Charles Darwin postulated that biological evolution results from a mechanistic driving force called natural selection. His theory suggests that individuals accumulate spontaneous and random beneficial, detrimental or neutral mutations. After a spontaneous mutation occurs, the external environment deterministically filters out or negatively selects the detrimental mutations and leaves in or positively selects the beneficial mutations while ignoring the neutral mutations.
The external environment constitutes a fixed territory into which the evolving individual accumulating spontaneous mutations must adapt to in a perpetual turf war whereby only the fittest are thought to survive and thereby reproduce. Any ability to further adapt to this fixed territory is through additional spontaneous mutations.
This is the basis of selection theory, vehemently defended and promulgated by nearly every scientist.
In more recent times, following advances in developmental biology and genetics, scientists have postulated that spontaneous mutations occur solely in the genes of individuals. As the thinking goes, spontaneous mutations in the linear sequence of DNA or genotype alter the individual’s outward characteristics or phenotype, which are subsequently deemed beneficial, detrimental or neutral by the environment. To be precise, any organism, including us, lives waiting for spontaneous mutations of DNA to occur and inherit, hoping a negative feedback mechanism welcomes these changes. Furthermore, the only benchmark for wellness in an objectionable environment is the organism’s ability to spread the most genetic seeds.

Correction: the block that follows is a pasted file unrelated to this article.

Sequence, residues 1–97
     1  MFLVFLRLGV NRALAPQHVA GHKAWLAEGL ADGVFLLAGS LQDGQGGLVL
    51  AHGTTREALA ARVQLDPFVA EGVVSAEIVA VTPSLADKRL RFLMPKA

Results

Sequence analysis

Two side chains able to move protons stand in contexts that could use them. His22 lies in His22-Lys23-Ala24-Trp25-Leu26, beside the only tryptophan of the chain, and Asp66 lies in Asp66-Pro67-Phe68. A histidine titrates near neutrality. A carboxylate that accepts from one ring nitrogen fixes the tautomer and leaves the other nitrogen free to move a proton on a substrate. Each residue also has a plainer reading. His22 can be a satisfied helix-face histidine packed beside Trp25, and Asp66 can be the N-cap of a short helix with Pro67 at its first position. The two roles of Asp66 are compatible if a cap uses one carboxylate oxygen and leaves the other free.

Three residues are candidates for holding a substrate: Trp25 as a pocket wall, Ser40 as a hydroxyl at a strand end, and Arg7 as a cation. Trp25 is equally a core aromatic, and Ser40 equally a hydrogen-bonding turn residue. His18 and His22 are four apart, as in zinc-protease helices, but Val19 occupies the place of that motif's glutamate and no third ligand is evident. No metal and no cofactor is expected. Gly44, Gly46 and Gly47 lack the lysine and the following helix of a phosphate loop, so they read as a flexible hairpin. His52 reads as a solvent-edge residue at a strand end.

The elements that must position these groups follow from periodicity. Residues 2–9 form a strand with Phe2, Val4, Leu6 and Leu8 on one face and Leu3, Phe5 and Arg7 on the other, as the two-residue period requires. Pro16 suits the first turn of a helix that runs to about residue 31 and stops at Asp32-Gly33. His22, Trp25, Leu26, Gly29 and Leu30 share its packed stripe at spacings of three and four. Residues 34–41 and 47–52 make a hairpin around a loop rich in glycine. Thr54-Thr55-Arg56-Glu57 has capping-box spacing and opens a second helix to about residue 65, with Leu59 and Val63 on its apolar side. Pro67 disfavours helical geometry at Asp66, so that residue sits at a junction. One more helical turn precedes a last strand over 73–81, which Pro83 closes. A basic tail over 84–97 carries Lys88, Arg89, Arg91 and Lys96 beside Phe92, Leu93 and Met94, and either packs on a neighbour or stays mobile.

These theories, along with their social, economic and psychological progeny, are almost ubiquitously endorsed and proliferated by scientists and non-scientists alike. Questioning this status quo is deemed heretical and almost certainly career ending for any scientist.
At this point, you may ask yourself if a spontaneous change and a selective sorting mechanism are actually sensible with your own and others’ natural experiences. For me, there are many inconsistencies. Two assumptions that come to mind clearly expose the prideful and prejudicial constitution deeply embedded in the selection theory of evolution. Please take a moment to consider how these assumptions are inconsistent with your lived experiences:
The assumption that the environment is definitively separate from the individual. As Albert Einstein said, “the environment is everything that isn’t me.”
The assumption that individuals are selfish, as Richard Dawkins proclaimed rather depressingly, “let us try to teach generosity and altruism because we are born selfish.”
The separation of individual and environment has been directly and indirectly asserted in many guises for centuries. A definitively objective boundary is placed between inhabitant and habitat. This rigid boundary paradoxically isolates both inhabitant and habitat from one another. It takes little effort to think of situations where the inhabitant and habitat are in mutual relationship, which undoubtedly requires dynamic, not rigid, boundaries—eating, moving, talking, breathing, listening, touching, and smelling, to name but a few. Yet, selection theory and the idea that the environment is every thing but me continue to be considered the definitive explanations for evolutionary change.